Art at home is a joy, but you want it to look its best. Cadremont got in touch about how best to display your art work.
In the ‘image business’
We are David and Maggie Smith, a husband and wife team / business and partnership. We are semi professionals in the ‘image business’ and we create work not only for ourselves but for other people to enjoy as well.
In order for our artwork to look at its best the work doesn’t end with the final stroke of the brush, or when the photograph finally emerges from the photo lab.
A cutting edge
In order to achieve the best results possible there are a few other ares that need to be taken into account – and one of those things is the choice of mount that we use to give our work the cutting edge – no pun intended.
My partner and I have been working in the industry for a number of years now – I’m a photographer, she’s an artist – and we both recognise the importance of using high quality materials when creating work for sale.
More than aesthetics
You could be forgiven for thinking that this is merely a question of aesthetics, but it is far more than that. While photo mounts do indeed enhance the look of a piece, there are other reasons for choosing the correct type of mount too.
A question of longevity
Firstly, there is the question of longevity. For a piece of art to stand the test of time it will need to be framed with materials that will give the piece in question the best chance of surviving.
The main purpose of a mount is to create a space between the photograph, or print, and the glass that will house it. Keeping the artwork away from the glass will prevent any dirt, grime or condensation that may find its way onto the inside of the frame off of your picture.
Failing to keep a piece, especially photographs, away from the glass cover could result in damage to the contents. At best this could be just a surface blemish, at worst the piece could adhere itself to the glass altogether.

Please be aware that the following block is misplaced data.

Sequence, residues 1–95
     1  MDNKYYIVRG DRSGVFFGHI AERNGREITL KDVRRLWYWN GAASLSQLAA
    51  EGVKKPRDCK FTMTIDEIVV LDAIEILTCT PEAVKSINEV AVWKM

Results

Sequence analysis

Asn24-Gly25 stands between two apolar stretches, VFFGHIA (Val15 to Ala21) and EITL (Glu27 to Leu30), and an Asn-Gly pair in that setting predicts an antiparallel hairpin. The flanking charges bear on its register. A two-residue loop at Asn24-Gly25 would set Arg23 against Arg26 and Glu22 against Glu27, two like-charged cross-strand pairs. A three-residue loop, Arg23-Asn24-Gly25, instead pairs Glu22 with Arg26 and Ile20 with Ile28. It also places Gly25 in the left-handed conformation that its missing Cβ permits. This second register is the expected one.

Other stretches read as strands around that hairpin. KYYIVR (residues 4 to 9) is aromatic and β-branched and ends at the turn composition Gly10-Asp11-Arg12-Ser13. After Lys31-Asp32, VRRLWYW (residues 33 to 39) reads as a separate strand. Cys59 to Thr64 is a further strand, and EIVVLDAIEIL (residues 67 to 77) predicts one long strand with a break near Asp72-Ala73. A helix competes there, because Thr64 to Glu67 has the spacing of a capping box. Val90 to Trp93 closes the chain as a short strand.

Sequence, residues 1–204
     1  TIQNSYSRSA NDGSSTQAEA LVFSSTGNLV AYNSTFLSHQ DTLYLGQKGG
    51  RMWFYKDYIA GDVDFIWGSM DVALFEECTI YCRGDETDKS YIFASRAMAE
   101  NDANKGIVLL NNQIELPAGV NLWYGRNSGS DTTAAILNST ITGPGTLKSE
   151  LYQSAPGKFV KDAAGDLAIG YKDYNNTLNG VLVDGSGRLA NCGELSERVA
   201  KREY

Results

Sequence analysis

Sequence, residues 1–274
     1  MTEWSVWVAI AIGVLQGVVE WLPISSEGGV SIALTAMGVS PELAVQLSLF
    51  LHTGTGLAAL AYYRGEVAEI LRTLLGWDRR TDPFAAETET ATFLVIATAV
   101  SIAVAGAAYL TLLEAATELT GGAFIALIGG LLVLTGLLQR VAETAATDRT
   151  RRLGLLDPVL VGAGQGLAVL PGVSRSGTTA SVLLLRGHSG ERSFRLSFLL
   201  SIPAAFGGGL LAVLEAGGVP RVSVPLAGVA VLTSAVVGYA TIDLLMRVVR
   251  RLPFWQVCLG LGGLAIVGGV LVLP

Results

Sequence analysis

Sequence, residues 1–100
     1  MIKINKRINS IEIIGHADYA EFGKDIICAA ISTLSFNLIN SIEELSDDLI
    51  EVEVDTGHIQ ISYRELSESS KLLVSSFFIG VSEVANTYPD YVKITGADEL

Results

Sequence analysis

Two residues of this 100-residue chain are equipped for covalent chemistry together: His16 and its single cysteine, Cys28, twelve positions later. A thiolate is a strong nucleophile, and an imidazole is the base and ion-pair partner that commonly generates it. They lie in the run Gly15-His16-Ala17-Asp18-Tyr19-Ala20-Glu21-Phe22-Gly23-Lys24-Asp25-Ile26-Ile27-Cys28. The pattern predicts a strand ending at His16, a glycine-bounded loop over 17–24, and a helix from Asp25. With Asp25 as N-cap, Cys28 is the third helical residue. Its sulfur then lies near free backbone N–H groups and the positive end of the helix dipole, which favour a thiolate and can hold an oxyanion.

Although the purpose of the mount may seem obvious, many people neglect the necessity of choosing the correct mountboard material when they frame their artwork.
It is often wrongly assumed that as long as the artwork doesn’t touch the glass, then the mount has done its job. While this is true to a certain extent, the material of which the mountboard is made is of equal importance. A good quality conservation mountboard should last for decades (many are guaranteed for 300 years) and protect your artwork for the duration of its lifespan.
My partner and I now insist on using 100% acid-free white core conservation mountboard on all of our pieces as it simply offers the best protection for our work.
Having a mount that is 100% acid-free is imperative as it prevents any staining or leaking from the board onto the artwork itself. Added to this is the fact that conservation board just looks so much better, even to the layman.
It tends to sit better in the frame and, as they are generally a little thicker than standard mounts, they serve their main purpose of keeping the artwork away from the glass extremely well. Even the bevels are noticeably sharper, and they do not brown like so many of the cheaper alternatives available.
Conservation mountboards are also compliant with the Fine Art Trade Guilds standards, which gives the buyer the peace of mind that they deserve.
If you cherish your work
To sum up, and speaking from experience, we would not recommend anything else for mounting any piece of art that cannot be easily replaced.
If you cherish your work then only the best will do, and the best is a 100% acid-free, conservation standard white core mountboard.
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